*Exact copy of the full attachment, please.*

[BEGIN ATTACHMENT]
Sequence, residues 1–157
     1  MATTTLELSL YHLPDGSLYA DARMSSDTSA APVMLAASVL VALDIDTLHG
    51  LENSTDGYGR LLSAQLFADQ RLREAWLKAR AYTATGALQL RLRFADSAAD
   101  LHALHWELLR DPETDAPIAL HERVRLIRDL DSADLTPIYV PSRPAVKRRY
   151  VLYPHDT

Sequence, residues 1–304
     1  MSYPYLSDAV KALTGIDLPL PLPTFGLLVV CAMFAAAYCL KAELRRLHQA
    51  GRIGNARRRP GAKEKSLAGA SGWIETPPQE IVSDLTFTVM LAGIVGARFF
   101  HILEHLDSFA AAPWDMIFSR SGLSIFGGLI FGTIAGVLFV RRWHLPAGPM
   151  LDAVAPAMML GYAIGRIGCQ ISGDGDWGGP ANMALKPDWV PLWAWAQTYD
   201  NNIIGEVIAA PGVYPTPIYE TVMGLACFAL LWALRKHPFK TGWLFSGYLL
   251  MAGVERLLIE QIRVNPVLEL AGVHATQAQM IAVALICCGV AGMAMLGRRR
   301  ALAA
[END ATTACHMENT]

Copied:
Sequence, residues 1–157
     1  MATTTLELSL YHLPDGSLYA DARMSSDTSA APVMLAASVL VALDIDTLHG
    51  LENSTDGYGR LLSAQLFADQ RLREAWLKAR AYTATGALQL RLRFADSAAD
   101  LHALHWELLR DPETDAPIAL HERVRLIRDL DSADLTPIYV PSRPAVKRRY
   151  VLYPHDT

Sequence, residues 1–304
     1  MSYPYLSDAV KALTGIDLPL PLPTFGLLVV CAMFAAAYCL KAELRRLHQA
    51  GRIGNARRRP GAKEKSLAGA SGWIETPPQE IVSDLTFTVM LAGIVGARFF
   101  HILEHLDSFA AAPWDMIFSR SGLSIFGGLI FGTIAGVLFV RRWHLPAGPM
   151  LDAVAPAMML GYAIGRIGCQ ISGDGDWGGP ANMALKPDWV PLWAWAQTYD
   201  NNIIGEVIAA PGVYPTPIYE TVMGLACFAL LWALRKHPFK TGWLFSGYLL
   251  MAGVERLLIE QIRVNPVLEL AGVHATQAQM IAVALICCGV AGMAMLGRRR
   301  ALAA